pollinator

On February 20, we talked about the importance of protecting pollinators and a few ways you can help in this effort. Creating a pollinator garden is one way to provide habitat and food for pollinators, while you get to enjoy beautiful flowers in your yard! Win-win! Want to get started? Here are a few free publications to help you plan your very own pollinator garden!

Free Pollinator Friendly Planting Guides are available from the Pollinator Partnership, a non-profit 501(c)3 organization dedicated exclusively to the protection and promotion of pollinators and their ecosystems. These guides were funded by the National Fish and Wildlife Foundation, the C.S. Fund, the Plant Conservation Alliance, the U.S. Forest Service, and the Bureau of Land Management with oversight by the Pollinator Partnership, in support of the North American Pollinator Protection Campaign. Wow…that’s a lot of partners coming together to further protection of pollinators! Simply type in your zip code to link to the ecoregional planting guide tailored specifically to your area. Check out the charts that list which native plants grow best in your area so that you can attract more pollinators to your garden. You can also download (for free) the BeeSmart App to access the Ecoregional Guides on your smartphone. Here are a few screenshots from my iPhone:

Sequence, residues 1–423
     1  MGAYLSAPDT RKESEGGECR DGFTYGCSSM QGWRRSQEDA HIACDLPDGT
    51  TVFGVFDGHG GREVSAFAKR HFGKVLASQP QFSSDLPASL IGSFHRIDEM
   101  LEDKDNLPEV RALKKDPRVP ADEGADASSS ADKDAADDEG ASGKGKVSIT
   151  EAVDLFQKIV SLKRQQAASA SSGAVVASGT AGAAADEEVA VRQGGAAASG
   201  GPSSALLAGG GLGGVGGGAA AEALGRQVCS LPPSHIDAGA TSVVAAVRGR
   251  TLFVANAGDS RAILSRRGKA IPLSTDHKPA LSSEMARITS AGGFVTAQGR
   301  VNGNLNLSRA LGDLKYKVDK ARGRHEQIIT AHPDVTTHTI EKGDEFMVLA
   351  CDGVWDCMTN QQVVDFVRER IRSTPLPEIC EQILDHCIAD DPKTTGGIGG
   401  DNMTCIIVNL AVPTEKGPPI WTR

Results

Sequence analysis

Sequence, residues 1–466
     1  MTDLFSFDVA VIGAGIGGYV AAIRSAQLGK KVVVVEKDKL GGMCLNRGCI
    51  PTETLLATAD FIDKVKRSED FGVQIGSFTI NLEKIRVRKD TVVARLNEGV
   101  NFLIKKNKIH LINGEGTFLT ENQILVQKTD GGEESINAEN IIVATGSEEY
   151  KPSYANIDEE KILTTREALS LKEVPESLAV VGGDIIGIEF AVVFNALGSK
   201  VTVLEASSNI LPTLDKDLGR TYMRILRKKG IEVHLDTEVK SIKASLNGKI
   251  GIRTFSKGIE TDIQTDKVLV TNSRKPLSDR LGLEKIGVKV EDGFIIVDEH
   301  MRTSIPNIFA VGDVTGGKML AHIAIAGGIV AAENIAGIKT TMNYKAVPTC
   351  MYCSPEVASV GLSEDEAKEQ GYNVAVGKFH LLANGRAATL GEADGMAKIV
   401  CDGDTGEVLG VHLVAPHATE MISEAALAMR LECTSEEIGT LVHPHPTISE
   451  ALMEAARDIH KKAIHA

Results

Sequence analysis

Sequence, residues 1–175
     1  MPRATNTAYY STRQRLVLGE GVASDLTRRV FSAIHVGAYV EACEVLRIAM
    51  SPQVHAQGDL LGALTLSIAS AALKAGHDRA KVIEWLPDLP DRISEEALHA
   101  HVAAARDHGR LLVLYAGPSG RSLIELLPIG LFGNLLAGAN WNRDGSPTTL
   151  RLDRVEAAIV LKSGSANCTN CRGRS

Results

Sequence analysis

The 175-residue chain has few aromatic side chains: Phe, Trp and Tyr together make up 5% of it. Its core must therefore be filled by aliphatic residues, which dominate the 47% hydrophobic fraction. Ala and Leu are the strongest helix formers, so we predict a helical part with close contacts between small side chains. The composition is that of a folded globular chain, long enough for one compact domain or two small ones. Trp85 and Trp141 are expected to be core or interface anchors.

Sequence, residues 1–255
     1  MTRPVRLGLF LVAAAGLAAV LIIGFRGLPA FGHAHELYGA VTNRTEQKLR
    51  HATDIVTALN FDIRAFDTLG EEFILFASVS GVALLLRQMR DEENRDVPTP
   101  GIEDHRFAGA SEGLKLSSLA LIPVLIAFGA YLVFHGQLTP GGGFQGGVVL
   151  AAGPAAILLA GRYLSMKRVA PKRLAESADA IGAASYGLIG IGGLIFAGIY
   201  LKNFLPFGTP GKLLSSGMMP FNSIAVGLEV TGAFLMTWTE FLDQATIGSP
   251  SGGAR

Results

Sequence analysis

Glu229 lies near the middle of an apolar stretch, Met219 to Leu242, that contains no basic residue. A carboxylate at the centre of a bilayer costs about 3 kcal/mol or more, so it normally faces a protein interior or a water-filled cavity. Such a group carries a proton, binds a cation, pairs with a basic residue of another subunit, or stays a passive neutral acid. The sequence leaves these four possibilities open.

bee smart app

You can also download a U.S. Forest Service free publication “Attracting Pollinators to Your Garden Using Native Plants”. This beautifully illustrated document is an easy read for learning about various types of pollinators and general guidelines for enhancing gardens for pollinators.

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Whether you attract bees, butterflies, moths, hummingbirds, beetles, flies, wasps, or bats — by providing food, shelter and water for pollinators, and by using pollinator-friendly landscape practices, you can make a difference to both the pollinators and the people that rely on them! ~ Katie

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